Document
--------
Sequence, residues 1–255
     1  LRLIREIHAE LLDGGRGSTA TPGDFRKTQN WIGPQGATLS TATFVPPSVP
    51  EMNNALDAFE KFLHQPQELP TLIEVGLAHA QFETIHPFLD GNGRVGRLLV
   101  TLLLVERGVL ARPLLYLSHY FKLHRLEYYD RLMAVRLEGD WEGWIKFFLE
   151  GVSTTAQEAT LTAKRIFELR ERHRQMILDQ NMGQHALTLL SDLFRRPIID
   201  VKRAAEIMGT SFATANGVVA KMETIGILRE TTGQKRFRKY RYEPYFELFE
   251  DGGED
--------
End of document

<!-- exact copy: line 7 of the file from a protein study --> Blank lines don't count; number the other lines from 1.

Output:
   251  DGGED